TANIA CHEN is a pianist, experimental musician, free improviser and sound artist, working with pianos, keyboards, found objects, toys and vintage and lo-fi electronics.
www.taniachen.com

AMANDA CHAUDHARY is a composer and performer specializing in contemporary and electronic music; an artist; and a developer of advanced software for creativity. She performs regularly around the Bay Area and beyond, both solo and with various bands and ensembles. Her solo work involves experimenting with innovative sounds via analog synthesis and custom software with computers and mobile devices for new modes of expressive musical performance. She often incorporates folk and toy instruments from around the world, along with jazz, dance music and other idiomatic styles into her visually captivating performances.
http://www.amandachaudhary.com/

*

The SMOMID is a unique interface/musical instrument created by Nick Demopoulos. SMOMID is an acronym for “String Modeling Midi Device.” SMOMID hardware resembles a touch-sensitive guitar or bass. Its software allows the performer to control numerous aspects of a performance, including the playing of melodies and harmonies, the direction and pattern of a melody, controlling beats and bass lines, triggering samples, manipulating audio files, and more. All aspects of a performance can be controlled from the grid on the fret board and the buttons on the instrument body. In addition to emitting sound, SMOMID also emits light that is rhythmically in sync with the music the instrument is then creating.
http://www.nickdemopoulos.com/

*
TEERAPAT PAMMONGKOL was born in 1988 in Sakon Nakorn, Thailand. He lived there until 7 years old then he moved to Udonthani, Thailand with his parent. In 2006 – 2010 he studied music in Bangkok City, Thailand. After music school he moved to New York City, USA in 2011. He sometime release music album under alias such as Lemur Onkyokei, LO and his own name.
https://teerapat.bandcamp.com/releases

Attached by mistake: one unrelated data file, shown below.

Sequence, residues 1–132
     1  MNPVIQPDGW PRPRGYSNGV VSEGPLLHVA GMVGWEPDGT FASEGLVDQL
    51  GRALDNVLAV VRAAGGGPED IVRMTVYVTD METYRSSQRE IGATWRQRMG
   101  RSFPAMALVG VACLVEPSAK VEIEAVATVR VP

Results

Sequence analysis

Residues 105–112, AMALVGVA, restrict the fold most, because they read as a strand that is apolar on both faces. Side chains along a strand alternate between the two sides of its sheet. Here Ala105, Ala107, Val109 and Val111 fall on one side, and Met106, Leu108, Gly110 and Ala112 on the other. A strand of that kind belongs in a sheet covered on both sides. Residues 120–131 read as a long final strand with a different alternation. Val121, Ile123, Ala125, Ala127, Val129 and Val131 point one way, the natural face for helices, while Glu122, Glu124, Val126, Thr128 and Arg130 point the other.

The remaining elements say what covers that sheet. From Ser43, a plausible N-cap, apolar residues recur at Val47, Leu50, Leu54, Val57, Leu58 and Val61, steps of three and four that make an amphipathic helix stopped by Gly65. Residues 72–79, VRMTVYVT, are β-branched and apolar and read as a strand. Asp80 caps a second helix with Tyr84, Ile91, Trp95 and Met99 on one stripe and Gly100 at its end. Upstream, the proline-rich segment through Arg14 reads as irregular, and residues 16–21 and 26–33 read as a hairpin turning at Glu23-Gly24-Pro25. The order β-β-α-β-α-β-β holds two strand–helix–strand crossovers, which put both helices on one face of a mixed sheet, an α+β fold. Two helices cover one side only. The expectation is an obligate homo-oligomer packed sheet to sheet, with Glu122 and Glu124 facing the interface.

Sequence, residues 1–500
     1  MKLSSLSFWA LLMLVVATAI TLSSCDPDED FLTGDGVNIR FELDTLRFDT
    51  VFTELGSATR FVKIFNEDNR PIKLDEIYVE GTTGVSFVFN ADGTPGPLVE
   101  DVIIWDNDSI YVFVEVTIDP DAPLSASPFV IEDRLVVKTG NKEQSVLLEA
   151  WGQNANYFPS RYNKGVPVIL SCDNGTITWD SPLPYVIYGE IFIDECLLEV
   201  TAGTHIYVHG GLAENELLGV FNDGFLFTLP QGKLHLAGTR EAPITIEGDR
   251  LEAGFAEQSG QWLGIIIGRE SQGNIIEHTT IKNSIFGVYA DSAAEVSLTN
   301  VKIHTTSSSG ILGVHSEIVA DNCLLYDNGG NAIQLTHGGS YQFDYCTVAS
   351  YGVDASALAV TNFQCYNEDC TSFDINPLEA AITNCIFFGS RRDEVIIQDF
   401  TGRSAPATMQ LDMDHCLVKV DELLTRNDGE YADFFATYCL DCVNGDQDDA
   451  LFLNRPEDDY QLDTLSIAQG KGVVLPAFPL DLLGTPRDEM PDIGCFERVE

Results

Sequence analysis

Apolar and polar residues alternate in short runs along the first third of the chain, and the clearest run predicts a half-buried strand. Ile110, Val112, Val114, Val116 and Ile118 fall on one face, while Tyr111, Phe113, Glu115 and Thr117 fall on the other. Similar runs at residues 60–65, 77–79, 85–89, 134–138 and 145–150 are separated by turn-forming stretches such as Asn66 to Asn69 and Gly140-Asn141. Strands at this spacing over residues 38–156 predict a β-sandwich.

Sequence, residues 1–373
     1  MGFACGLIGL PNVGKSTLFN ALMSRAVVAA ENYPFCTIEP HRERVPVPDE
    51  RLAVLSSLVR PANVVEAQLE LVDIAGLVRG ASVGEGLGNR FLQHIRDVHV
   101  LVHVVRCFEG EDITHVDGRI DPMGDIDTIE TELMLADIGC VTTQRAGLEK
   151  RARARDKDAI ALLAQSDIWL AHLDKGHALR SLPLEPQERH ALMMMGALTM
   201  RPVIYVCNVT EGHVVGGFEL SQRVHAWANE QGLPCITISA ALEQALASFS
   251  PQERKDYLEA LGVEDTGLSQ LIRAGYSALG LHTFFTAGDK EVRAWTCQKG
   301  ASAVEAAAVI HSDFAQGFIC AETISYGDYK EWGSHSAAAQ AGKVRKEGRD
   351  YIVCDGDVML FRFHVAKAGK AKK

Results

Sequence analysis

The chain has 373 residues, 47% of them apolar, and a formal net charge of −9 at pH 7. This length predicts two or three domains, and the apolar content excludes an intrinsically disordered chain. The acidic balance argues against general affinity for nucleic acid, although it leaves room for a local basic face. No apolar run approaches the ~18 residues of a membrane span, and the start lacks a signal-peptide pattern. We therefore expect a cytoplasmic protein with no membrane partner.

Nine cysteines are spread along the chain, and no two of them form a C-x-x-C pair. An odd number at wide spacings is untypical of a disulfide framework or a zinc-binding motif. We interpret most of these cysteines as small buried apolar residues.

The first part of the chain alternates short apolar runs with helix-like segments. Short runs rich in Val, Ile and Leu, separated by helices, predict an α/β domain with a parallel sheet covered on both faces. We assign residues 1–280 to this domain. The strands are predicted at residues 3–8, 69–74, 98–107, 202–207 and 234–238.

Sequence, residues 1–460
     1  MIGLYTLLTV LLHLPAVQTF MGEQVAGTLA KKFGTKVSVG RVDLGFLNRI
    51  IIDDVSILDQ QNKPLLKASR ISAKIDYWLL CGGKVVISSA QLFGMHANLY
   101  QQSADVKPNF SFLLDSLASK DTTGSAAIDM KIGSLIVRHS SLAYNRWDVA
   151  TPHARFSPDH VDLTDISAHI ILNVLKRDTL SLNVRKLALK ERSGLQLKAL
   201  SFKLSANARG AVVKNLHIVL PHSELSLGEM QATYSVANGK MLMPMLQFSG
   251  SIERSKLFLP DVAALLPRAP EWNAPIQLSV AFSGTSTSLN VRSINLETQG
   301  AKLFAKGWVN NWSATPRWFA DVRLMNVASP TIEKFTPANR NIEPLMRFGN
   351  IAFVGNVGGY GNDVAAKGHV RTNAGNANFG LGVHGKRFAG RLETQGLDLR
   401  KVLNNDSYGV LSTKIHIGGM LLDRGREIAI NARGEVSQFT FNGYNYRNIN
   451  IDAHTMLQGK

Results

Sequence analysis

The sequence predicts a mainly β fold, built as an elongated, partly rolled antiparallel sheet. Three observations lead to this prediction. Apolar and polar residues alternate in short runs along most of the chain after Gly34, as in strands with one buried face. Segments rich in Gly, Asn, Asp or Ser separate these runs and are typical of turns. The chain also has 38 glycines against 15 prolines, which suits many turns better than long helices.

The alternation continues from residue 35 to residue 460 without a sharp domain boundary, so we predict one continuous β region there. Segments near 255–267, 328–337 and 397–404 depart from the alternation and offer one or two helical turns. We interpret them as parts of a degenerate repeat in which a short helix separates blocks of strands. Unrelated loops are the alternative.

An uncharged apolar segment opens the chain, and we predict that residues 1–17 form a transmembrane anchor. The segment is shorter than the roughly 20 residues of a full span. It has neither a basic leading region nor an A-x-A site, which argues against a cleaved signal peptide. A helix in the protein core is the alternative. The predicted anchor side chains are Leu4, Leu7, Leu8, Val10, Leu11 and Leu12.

JERK, Future Death Agency + Amanda Chaudhary, Chani Bockwinkel

Today we look back at a a set of very unusual performances featuring friends by way of Portland and New York. When they came to perform at the Temescal Arts Center in Oakland, I was there to join them both as a collaborator and an audience member.

The evening began with a performance by Chani Bockwinkel in which she channeled the persona of Justin Bieber giving a TED talk.

Chani Bockwinkel channeling Justin Bieber

I have done my best to avoid sounds and sights related to Justin Bieber, but Bockwinkel definitely perfected the look and mannerisms of a swaggering young man steeped in sexuality and narcissism. The content of the fictionalized TED talk also seemed to dwell into aspects of his Christian faith, which itself seems intertwined with ego. There was also a mayonnaise taco. Bockwinkel’s performance was a well crafted presentation of an entirely repulsive individual.

Then it was time to take the stage as part of Future Death Agency. The set featured dance and performance by tippi and 3dwardsharp (aka Edward Sharp) for which I provided improvised sound from a Moog Sub Phatty, Mother-32 and Theremini.

Amanda Chaudhary and Tippi in Future Death Agency

One of the primary visual features during the performance was the dancers ensconced in garbage bags as the moved around the space, speaking backwards.

Garbage bag.  Future Death Agency

There were also numerous photographs scattered around the space, each of which had a handwritten statement on the back. 3dwardsharp and tippi occasionally read from these as they moved around, and also whispered some to members of the audience. Musically, I kept things fairly minimal, but trying to mix different textures and dynamics throughout. I looked for opportunities where I could match the sound with the movement, though as both were ever changing this could be challenging. We did have a few great moments of synchronicity that were frenetic and sensual. You can see the entirety of our performance in these videos.